DURHAM, N.C. (WTVD) -- The person who shot two Durham high school students Wednesday remains on the run Thursday.
Hillside High School in Durham brought extra security to campus Thursday, in response to the shooting that killed one 17-year-old student and injured a 15-year-old student off campus during school hours.
On Thursday afternoon, Hillside was again placed in "secure status" as law officers continued to investigate nearby. The secure status was lifted without incident around 2 p.m., a Durham Public Schools spokesperson said.
The Durham County Sheriff's Office said that it received a tip earlier in the day regarding the possibility of weapons being stored in a wooded area near Hillside. Deputies conducted a search and did not find any weapons.
The area has been cleared.
"We encourage students and staff to continue to say something when they see or hear something so that we can investigate," the sheriff's office said in a release.
Sheriff Clarence Birkhead said it may be time to ramp up conversations about technology that could be used to keep students safe.
"I think everything is on the table. Certainly, we have to have conversations with our students, first and foremost, but I think we need to have conversations with our parents," Birkhead said. "I think we cannot discount any relevant piece of technology. Again, I'm not trying to throw money at this issue, but I think we have to evaluate where we are. And then we have to evaluate the technology that's available. Certainly metal detectors is one piece of technology that I think we should consider."
The mood on campus Thursday was described by students as somber. Parents were also disturbed knowing one of their own lost their child.
"Just losing anyone, definitely that saddens our heart. Like I said before my heart goes out to the family. I did not know them personally, but we're definitely praying for that family because someone did lose their child," parent Lasandra Mcduffie said.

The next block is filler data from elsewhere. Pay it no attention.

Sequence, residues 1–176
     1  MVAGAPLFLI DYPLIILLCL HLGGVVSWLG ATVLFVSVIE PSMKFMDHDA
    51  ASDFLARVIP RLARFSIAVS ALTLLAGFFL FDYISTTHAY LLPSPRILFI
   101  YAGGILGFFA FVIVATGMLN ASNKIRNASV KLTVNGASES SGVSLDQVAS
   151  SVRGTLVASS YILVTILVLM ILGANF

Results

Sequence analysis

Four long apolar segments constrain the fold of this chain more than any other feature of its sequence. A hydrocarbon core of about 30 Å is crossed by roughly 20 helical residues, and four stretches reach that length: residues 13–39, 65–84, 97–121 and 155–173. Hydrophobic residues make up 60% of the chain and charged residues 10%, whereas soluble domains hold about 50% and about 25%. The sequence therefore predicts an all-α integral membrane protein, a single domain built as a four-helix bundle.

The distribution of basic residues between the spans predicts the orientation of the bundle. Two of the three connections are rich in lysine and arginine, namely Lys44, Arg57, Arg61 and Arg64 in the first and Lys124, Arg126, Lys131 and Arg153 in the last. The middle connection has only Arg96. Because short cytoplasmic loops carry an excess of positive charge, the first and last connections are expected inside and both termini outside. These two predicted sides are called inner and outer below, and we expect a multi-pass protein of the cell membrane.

Durham Mayor Elaina O'Neal was also dealing with a heavy heart during Thursday's city council meeting.
"Let us get a better world. Picture in our mind a better world for our students here in Durham, particularly Hillside High at this moment and how we can actually realize that," she said to the council.
Councilman Leonardo Williams added it's been an emotional couple of days in Durham.
"I would like to reaffirm my commitment and others to supporting the effort of saving lives as much as possible," Williams said.
The shootings happened shortly after 1 p.m. on Wednesday on Riddle Road near Fayetteville Street and American Tobacco Trail.
Both of the people shot were students at Hillside High School. It's unclear why they were off campus, but the school's handbook states that select 11th- and 12th-grade students can receive off-campus lunch passes.
This violence comes as the school prepares to perform a special play focusing on gun violence.
Curtains are set to rise on the play, State of Urgency, next Friday. The timing of the shooting and the play was not lost on recently retired Hillside drama teacher Wendell Tabb.
"The timing of this hit us really hard, which means that the message of the play is so important that we got to get people out. We've got to get these young people out to see the play, we've got to make sure that the social workers, mental health professionals, law enforcement, be able to have conversation with these young people. It is so needed," he said.
Durham Public Schools Superintendent Dr. Pascal Mubenga released the following statement on Thursday:
"I am heartsick about the loss of one of our students. His family and loved ones are in our thoughts and prayers-but we need more than thoughts and prayers. Our students are clamoring for an end to gun violence and our community must come together to deliver it."
Hillside High School principal Dr. William Logan was expected to speak Thursday about how the school is coping, but the school district canceled the interview because the school was placed on "secured status" due to a police investigation in the area.